Initially, Binky and Litlit were interested in buying wildlife property in Africa and building a camp. Upon the recommendation of their broker though, they started to see things from a different perspective. “He said, you know, if you have a lot of clients in Asia, why build your own? I know a lot of people who have really good camps but they don’t have guests. Rather than build another camp, partner with them and direct your clients to these guys,” Binky recounts. “That’s really how our company started.”

Tracie eventually became A2A’s first employee. “Certainly, I was the first employee in Singapore, and I was the only one for like five years,” she says. “Because he’s a banker. I had to kind of man the shop, so to speak, for five years by myself.”

“We had a team in Hong Kong and a team in the Philippines but I was the only one in Singapore,” Tracie continues. “And then he finally already quit banking, and that’s when we started focusing on the Singapore business. So now we have an office there. How long has A2A been? Fifteen years now? We don’t even count. It’s longer pa than our marriage.”

How did a couple who curates unforgettable travel experiences for a living honeymoon? “We went to Zimbabwe and I actually thought we were gonna die!” Tracie says. “We went to this camp in Lake Kariba, this eerie lake with dead trees sticking out of it. It was the most beautiful thing I’d ever seen… There were black rhinos, which are very rare, just on the beach, strolling. Can you imagine a place like that?”

“We were living on houseboats. There was a mothership and the mothership was like the lobby. So each person, your room is a houseboat. So each person, has to take a canoe. So akala ko parang Disney,” she says, laughing at her own naivety. “Yun pala grabe yung crocodiles and hippos sa lake! Hindi naman kami magaling mag canoe!”

“And they tell me, oh Tracie, be careful because the number one killer of humans in Africa are hippos… I said, we’re gonna die, right? And he joked, he’s like ‘Oh it’s fine. We still have a few minutes.’ And I thought, ‘I never thought I would die on my own honeymoon!’”

Needless to say, the Dizons survived their honeymoon. “And needless to say, that camp closed after a year,” Tracie says. “That was definitely an unforgettable honeymoon!”


Today, A2A has expanded to offer other experiences, growing from Africa to South America. “Our motto has always been, we do one thing but we do it well,” Binky says. “The idea for expansion  didn’t come from us. We have a lot of clients who are repeaters. They come to us and say, ‘Do you guys have other places where we can have a similar experience? You know, wilderness area but you’re very comfortable, unique experiences with nature and people.’ And we thought about it and we kept getting it again and again,” he says.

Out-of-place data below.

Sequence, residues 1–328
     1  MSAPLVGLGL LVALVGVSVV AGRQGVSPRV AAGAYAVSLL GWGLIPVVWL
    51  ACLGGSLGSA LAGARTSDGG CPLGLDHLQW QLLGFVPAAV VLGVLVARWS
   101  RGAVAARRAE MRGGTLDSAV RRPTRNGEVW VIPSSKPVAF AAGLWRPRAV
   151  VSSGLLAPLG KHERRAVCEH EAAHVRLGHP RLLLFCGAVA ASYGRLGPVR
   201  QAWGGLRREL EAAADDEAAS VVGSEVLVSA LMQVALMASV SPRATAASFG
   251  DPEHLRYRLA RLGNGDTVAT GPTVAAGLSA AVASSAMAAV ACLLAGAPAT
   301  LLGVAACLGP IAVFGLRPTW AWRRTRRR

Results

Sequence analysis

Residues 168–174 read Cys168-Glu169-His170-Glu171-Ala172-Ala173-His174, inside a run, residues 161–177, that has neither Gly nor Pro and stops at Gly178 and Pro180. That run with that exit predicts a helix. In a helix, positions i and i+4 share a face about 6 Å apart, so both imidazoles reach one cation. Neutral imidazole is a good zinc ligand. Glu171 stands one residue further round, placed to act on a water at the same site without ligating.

“We don’t just go to Africa. Obviously, we travel for our own personal pleasure as well… We traveled to South America. We had been to a few places there but we started traveling more there. We dug deeper into South America and there are a lot of these places,” he says. “You have Iguazu Falls, Patagonia, Galapagos—there are a lot of these iconic wilderness areas.”

What can someone expect from the A2A experience? “I hate to use words like ‘curated’ or ‘bespoke,’” Tracie says, “but it’s really tailored to what you like. For example, you want to go to Africa and you have an interest in birds—an interest that not many people have but say, you do—we’ll take you to places where you’ll see a lot of birds. If you’re only interested in the big five—which is the five big predators—that’s easier.”

“I think what we do is we bring you to places where you will have an authentic, high quality experience with excellent guiding. I think that’s what we really do. I think, for me, the guides can change it. Depending on who’s taking you, the experience can become so rich,” she says. “We dig deep.”

“I think the word is a ‘discerning’ traveler,” she continues. “You’re not just a tourist. You’re looking for immersive journeys, life-changing journeys.” As an example, she cites a city like Lima. “Like me, I like pottery. I found the potter of Jonathan Adler, the one who makes [for them]—that’s the kind of thing that we do. ‘I want to meet her. I want to know who she is.’ We’ll take you. Let’s say, ‘I want to learn how to make ceviche.’ So we hook you up with a chef. We do things like that.”

The Dizons are a well-traveled bunch, but even the well-traveled have dream destinations. “We’ve never been to Russia,” Binky says. “I love spy novels so that’s my dream.”

Tracie agrees. “There are many places that we haven’t discovered yet,” she says. “But that’s what’s cool, right? To always look forward to something? Just to know that there are so many places on earth that you haven’t been.”

And as long as there are places on earth they haven’t been, as long as there are places on Earth as beautiful and thrilling as that honeymoon lake in Zimbabwe, you can be sure that the Dizons will have their bags packed, their passports ready, and a new adventure on the horizon.